Modeling the 3D shaping of epithelial tissue: The effect of the mechanical microenvironment
Lead supervisor: A.-S. Smith, Co-supervisor: R. Leube, Junior supervisor: M. Hubert PULS Group, Institute for Theoretical Physics, FAU Erlangen
Hypothesis: Theoretical analyses are needed to dissect and predict the contribution of mechanical factors to epithelial tissue morphogenesis.
Quantitative analysis and modeling of interaction of epithelial tissues and the environment. (A) An example of experiments for stretching a colony of MDCK cells. (B) Analysis of experimental images with well-established methods to follow individual cells and quantify different properties of cells such as distribution of cell area as plotted here. (C) Continuum models developed to describe the dynamics of the spatial profile of cell density (n) with cell velocity (v) and active terms (k). The results fit very well with the colony growth experiments. (D) Simulation of growth and stretching of tissues at the level of individual cells (vertex model). (A-D) own unpublished data.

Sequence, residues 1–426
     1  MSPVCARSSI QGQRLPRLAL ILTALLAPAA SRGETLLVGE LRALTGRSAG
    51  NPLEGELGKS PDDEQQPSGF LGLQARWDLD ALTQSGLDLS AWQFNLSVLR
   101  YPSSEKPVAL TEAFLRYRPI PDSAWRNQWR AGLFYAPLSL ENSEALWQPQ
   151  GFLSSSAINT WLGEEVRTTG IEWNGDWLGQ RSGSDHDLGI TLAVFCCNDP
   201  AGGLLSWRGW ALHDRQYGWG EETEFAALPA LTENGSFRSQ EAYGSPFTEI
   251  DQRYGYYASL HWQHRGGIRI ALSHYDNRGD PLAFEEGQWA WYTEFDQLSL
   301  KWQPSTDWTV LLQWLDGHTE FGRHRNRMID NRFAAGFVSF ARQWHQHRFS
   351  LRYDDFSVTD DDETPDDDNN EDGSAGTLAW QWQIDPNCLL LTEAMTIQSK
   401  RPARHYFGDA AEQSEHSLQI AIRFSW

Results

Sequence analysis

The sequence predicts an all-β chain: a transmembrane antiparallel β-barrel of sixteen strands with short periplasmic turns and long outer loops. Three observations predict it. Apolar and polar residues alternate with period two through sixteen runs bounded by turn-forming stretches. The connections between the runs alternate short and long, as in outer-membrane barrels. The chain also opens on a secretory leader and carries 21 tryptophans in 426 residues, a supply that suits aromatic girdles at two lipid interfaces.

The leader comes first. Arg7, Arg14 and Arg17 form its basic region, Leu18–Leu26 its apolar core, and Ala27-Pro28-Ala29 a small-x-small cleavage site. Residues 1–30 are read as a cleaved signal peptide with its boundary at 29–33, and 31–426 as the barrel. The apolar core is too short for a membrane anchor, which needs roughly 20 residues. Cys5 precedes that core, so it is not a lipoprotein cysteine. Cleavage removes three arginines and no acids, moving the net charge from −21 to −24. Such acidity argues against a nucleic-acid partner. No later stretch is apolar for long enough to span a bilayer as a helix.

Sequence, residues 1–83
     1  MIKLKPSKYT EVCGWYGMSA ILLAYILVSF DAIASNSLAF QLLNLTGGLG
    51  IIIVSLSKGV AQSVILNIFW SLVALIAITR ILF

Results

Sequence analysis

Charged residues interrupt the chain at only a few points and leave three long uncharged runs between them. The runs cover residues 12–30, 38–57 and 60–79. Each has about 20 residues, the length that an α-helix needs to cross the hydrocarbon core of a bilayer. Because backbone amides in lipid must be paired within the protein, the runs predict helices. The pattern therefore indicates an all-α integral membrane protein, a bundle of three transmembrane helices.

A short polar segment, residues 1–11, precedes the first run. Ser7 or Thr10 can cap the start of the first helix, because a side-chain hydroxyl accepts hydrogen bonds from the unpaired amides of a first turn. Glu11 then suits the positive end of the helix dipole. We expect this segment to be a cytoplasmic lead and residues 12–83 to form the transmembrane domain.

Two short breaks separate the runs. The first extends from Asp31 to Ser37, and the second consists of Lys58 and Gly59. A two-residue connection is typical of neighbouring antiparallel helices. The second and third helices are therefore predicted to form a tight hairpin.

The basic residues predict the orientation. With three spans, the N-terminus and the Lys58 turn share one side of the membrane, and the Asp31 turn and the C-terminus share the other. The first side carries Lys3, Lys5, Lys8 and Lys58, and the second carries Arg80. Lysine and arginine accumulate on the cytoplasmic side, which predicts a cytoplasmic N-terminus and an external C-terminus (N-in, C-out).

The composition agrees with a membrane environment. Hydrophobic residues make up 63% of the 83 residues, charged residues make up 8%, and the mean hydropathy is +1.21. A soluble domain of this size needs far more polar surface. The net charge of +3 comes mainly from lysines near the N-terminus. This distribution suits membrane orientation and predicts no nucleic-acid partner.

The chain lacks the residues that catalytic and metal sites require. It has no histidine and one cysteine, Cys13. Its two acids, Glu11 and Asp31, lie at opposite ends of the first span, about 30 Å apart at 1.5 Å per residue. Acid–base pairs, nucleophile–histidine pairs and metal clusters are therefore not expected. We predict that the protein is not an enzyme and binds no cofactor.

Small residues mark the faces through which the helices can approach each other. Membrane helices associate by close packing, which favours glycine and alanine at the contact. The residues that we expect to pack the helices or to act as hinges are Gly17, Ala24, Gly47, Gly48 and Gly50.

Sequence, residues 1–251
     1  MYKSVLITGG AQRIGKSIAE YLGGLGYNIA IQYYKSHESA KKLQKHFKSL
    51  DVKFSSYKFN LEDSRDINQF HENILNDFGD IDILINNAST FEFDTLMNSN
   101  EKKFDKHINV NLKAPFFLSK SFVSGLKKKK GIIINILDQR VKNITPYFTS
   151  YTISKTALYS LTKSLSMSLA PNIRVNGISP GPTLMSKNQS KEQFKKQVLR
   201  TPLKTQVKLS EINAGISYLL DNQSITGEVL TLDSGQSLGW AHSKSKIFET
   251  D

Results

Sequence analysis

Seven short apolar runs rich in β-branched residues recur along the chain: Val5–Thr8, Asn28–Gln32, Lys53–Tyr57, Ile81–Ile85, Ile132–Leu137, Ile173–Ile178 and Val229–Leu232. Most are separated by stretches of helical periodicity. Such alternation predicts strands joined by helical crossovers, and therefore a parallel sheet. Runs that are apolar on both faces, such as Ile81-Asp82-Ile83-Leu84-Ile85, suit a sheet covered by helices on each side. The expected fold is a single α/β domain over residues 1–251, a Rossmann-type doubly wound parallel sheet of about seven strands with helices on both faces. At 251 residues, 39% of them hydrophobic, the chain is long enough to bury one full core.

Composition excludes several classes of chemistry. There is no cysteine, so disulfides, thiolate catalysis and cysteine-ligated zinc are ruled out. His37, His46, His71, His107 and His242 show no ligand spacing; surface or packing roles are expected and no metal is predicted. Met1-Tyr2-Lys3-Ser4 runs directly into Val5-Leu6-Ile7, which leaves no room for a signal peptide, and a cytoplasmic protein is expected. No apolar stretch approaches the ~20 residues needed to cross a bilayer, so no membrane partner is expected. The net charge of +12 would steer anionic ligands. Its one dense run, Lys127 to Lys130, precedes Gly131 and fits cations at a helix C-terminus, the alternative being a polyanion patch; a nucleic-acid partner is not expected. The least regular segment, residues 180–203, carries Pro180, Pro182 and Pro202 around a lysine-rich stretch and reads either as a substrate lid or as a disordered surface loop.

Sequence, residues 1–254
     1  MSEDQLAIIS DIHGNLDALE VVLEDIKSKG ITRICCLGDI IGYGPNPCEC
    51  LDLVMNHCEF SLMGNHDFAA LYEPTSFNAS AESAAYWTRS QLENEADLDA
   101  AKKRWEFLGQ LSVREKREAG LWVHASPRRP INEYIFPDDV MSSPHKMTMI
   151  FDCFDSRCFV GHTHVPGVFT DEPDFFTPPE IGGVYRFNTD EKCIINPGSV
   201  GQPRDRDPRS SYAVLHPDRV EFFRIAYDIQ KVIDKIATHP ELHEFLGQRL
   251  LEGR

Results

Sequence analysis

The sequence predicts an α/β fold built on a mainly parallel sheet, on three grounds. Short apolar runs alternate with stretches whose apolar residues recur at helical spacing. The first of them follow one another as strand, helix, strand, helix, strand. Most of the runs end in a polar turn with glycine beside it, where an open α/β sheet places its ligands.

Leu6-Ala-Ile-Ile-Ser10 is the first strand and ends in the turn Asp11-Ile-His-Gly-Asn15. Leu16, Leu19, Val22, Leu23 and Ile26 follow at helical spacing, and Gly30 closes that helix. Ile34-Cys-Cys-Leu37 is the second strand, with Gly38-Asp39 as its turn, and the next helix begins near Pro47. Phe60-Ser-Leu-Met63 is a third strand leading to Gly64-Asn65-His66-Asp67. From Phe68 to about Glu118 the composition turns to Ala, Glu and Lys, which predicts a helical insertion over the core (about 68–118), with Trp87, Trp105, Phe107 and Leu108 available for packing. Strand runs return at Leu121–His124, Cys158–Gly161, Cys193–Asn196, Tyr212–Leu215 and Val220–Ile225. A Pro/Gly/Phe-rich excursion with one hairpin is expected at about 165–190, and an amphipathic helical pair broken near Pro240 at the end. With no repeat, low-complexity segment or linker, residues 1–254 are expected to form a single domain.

Background: A number of studies have highlighted the significance and necessity of quantifications and modeling in biological problems2. Theoretical analysis can help to study living organisms and address the contribution of different mechanisms influencing their morphogenesis48,49. The different models build on standard concepts from different disciplines of physics such as hydrodynamics, elasticity and statistical physics to describe the growth and development of tissues at different time and length scales50. Biological tissues can be seen as active viscoelastic materials. Hence, their elastic and plastic response to deformation, as well as their activity resulting from cell division and apoptosis events, can be modelled by continuum approaches51,52. To obtain detailed information on the force distribution on the level of a cell, these approaches can be complemented by simulations based on vertex or Voronoi models53,54. We recently combined these approaches to study the growth of 2D epithelial tissues and the response to uniaxial stress. Aim: Building on our experience in modeling tissues in 2D, we develop a 3D physical description which will improve our understanding of the cooperation between biochemical signals and mechanical events in the control of the structure, stability and viscoelastic properties of the spheroid. Furthermore, we will investigate the interaction of spheroids with the surrounding planar supports or tissues. We develop a hierarchy of models based on fundamental physical principles taking into account cell mechanics, intercellular interactions and the interactions with the ECM. Accounting for cell division and apoptosis enables us to predict global dynamics during spheroid formation, the transmigration of cells from and into the spheroid, as well as the response to local and macroscopic deformations. Calibrated by experimental data, our theoretical and simulation approaches is used to predict novel features of the system. Approach: This project implements physical and mathematical methods to develop general models describing the time development of epithelial morphology and the interaction of spheroids with external structures. The starting point adapts the known models for epithelial growth, which are usually conceived in planar geometry, and accounting for the change in topology by modeling the closure mechanism necessary to construct 3D objects. Furthermore, we exploit the experimental systems presented in A1-A3 to test and improve models of different complexity - from a simple aggregate of identical cells to spheroids containing different cell types and encapsulated by a basement membrane. By developing sophisticated image analysis protocols, we help to elucidate the role of adhesion and cytoskeletal elements (A1) and the elasticity of the surroundings (A2, A3) on the growth patterns. These data help to build predictive continuum models and simulations, which can then be used to study the dynamics of the system in the conditions that are difficult to explore with other methods, including the response to stress, which is addressed both in 3D (A1-A3) and 2D (A3, B2, B3, D2). Here, a key element is introducing models that can account for the layered structures. As a result, we identify concepts and approaches that can be used in the broader context of the consortium.